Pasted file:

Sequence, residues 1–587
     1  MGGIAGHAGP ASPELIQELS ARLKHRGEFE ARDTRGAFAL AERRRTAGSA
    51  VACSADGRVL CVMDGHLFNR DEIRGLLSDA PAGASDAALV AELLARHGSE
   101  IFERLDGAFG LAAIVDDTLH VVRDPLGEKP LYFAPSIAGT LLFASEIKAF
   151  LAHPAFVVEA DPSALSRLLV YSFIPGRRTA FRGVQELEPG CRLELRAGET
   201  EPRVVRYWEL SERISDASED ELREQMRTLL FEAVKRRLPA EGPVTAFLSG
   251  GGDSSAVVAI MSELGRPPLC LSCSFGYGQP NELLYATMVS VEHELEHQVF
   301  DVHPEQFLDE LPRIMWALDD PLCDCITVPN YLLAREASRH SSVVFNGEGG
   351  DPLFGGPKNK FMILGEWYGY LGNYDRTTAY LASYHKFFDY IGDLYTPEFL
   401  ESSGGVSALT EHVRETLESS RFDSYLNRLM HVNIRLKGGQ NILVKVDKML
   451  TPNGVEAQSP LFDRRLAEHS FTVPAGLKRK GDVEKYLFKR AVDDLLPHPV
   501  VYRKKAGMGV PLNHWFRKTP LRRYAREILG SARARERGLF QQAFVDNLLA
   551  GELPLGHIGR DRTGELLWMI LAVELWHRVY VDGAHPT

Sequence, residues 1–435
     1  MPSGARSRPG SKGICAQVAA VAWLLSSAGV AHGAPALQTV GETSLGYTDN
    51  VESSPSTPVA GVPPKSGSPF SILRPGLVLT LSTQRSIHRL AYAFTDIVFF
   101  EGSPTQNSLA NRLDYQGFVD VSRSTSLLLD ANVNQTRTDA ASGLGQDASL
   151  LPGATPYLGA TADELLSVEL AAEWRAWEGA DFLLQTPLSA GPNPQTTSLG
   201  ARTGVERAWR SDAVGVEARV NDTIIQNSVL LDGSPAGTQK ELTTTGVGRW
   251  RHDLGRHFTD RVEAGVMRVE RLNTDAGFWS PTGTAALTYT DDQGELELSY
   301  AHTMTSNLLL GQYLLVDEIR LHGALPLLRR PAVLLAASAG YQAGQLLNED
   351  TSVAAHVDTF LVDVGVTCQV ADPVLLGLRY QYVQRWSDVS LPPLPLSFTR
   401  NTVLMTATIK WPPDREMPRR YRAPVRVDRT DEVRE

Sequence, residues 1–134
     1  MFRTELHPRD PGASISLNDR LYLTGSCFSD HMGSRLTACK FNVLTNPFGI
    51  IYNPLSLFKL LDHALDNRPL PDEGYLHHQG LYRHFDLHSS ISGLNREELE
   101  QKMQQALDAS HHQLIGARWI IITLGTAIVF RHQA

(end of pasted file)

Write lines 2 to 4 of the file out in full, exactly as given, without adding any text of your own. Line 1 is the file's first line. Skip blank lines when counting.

     1  MGGIAGHAGP ASPELIQELS ARLKHRGEFE ARDTRGAFAL AERRRTAGSA
    51  VACSADGRVL CVMDGHLFNR DEIRGLLSDA PAGASDAALV AELLARHGSE
   101  IFERLDGAFG LAAIVDDTLH VVRDPLGEKP LYFAPSIAGT LLFASEIKAF